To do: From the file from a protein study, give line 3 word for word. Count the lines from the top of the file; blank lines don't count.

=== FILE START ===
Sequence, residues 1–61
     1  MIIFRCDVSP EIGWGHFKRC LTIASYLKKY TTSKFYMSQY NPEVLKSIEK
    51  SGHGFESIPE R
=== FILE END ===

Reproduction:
    51  SGHGFESIPE R